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HCR Law Events

14 June 2022

10 common questions asked in family law

Our Cardiff family law team answer some of their most frequently asked questions including children matters, divorce and financial settlement.

Child arrangements

  1. What is parental responsibility?

Parental responsibility refers to your legal rights and responsibilities as a parent.  This can involve making decisions about where your child goes to school, what medical treatment they receive and who they spend time with.

  1. Does one parent get favoured over the other?

No; both parents are treated equally throughout the court process. The focus is always on the safety and wellbeing of the children and this will be the court’s paramount consideration.

  1. Who are Cafcass?

Children and Family Advisory and Support Service; Cafcass advises the court independently about what is safe for the children and what is in their best interests.  They can also represent children within proceedings.

  1. I have a court order but my ex-partner has broken it by not allowing me to see the children. What can I do?

Try to contact your ex-partner as soon as possible to make arrangements.  If this does not work, take legal advice at the earliest opportunity.  It may also be necessary to make an application to court.

  1. Are there set rules about where a child should live?

No. When deciding where a child should live and who they should spend time with, the court will consider the ‘Welfare Checklist’.  This contains a set of considerations that the court will apply to each case, including the child’s welfare and any current conditions that may affect their upbringing, accommodation and / or wellbeing.

Divorce and financial settlement

  1. Will I automatically receive 50% of all matrimonial assets?

Not necessarily unless you reach an agreed position with your spouse.  If the matter proceeds to court, an equal share of assets is a starting position but this could be adjusted by the court if other factors apply that give rise to an unequal division.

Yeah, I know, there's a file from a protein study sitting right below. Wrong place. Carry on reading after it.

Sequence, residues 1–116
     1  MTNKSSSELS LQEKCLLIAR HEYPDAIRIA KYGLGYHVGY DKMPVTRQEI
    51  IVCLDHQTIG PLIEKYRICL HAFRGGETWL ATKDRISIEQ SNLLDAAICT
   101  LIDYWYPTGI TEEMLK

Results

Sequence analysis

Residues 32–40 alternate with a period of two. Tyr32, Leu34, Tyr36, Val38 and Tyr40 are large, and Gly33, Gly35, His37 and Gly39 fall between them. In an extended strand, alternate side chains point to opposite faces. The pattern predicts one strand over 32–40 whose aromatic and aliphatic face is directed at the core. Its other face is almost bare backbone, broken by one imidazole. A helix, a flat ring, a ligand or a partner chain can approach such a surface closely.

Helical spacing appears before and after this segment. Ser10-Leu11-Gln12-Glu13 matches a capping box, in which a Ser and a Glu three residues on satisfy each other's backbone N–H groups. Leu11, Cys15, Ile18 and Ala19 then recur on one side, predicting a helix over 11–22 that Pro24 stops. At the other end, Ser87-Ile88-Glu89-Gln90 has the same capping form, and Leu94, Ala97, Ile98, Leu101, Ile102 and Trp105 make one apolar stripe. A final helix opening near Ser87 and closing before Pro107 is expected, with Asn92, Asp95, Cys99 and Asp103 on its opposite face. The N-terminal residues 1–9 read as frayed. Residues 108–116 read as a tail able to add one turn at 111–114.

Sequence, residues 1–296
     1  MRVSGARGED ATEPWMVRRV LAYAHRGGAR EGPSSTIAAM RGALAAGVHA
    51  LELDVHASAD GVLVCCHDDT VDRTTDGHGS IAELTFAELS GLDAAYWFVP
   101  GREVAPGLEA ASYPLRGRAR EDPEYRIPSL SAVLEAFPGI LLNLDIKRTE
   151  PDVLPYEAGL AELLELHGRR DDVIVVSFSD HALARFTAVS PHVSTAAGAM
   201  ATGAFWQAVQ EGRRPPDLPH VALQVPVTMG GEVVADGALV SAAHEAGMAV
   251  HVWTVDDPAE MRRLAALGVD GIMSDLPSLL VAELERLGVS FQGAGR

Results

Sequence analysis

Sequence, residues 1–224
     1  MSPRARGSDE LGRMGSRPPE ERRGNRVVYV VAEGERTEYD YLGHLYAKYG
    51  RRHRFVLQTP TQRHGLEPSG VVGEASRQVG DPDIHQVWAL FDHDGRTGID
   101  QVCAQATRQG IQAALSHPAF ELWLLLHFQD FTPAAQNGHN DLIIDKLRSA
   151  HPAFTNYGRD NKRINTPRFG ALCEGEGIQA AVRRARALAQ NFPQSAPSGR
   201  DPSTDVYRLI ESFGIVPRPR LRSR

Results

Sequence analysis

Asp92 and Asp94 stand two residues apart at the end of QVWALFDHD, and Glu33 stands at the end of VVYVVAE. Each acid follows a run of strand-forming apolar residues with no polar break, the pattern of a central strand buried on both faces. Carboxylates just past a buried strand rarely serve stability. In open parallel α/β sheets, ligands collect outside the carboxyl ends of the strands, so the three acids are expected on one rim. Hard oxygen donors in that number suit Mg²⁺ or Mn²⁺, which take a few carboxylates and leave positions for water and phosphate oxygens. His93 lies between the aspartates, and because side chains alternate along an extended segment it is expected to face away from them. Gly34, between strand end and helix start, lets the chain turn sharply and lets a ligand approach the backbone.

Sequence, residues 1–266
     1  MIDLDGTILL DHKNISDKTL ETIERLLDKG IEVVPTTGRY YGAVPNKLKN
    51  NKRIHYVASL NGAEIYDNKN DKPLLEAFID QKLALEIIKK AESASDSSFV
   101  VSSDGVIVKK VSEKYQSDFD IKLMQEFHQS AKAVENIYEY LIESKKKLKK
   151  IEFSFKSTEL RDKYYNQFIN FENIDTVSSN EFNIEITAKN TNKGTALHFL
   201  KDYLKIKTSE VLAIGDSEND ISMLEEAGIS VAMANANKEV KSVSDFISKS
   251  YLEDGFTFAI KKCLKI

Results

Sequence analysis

1. I have worked part-time during the marriage in order to bring up the children. Will the court take this into account when working out my share?

The court considers all aspects of the marriage to include time spent raising children and any other contributions that applied throughout the course of the marriage.

  1. Our family home is owned by my ex-spouse because I did not have a good credit rating when the house was purchased. Does this mean that they will retain the house?

The starting point in considering all assets is 50/50.  Other factors such as contributions may be considered but also the reasons why the house was purchased in a sole name.  The court has wide discretion when dealing with these matters and will consider all aspects of your case, but housing needs will be one of the court’s primary concerns.

  1. What is a pension actuary and what do they do?

A pension actuary is a specialist who can prepare a report to consider your options when dividing pensions in terms of pension income and value.  Without an actuary, it is unlikely that a lawyer will be able to provide an accurate report as to how pension provisions should be divided.

  1. Does the fact that we have received our final order (formerly known as decree absolute) in divorce proceedings mean that our finances are also finalised?

No, as additional steps need to be taken to dismiss financial claims.  Otherwise, these claims may remain open which could cause difficulty further down the line.  You could also face problems if you re-marry by not tying up your financial claims from your previous marriage.

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About the Author
Lucy Edwards, Solicitor

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Lucy Edwards is a Cardiff solicitor, specialising in family law

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